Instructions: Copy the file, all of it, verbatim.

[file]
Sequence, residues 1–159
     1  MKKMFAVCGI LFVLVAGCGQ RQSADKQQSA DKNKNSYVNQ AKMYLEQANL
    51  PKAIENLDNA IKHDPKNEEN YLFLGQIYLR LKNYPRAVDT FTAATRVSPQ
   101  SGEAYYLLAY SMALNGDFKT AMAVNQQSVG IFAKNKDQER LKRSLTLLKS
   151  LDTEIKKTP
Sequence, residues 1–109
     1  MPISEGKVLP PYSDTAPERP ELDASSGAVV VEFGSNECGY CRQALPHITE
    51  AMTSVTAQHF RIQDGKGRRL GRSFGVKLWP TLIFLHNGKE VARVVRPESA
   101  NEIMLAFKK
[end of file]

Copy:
Sequence, residues 1–159
     1  MKKMFAVCGI LFVLVAGCGQ RQSADKQQSA DKNKNSYVNQ AKMYLEQANL
    51  PKAIENLDNA IKHDPKNEEN YLFLGQIYLR LKNYPRAVDT FTAATRVSPQ
   101  SGEAYYLLAY SMALNGDFKT AMAVNQQSVG IFAKNKDQER LKRSLTLLKS
   151  LDTEIKKTP
Sequence, residues 1–109
     1  MPISEGKVLP PYSDTAPERP ELDASSGAVV VEFGSNECGY CRQALPHITE
    51  AMTSVTAQHF RIQDGKGRRL GRSFGVKLWP TLIFLHNGKE VARVVRPESA
   101  NEIMLAFKK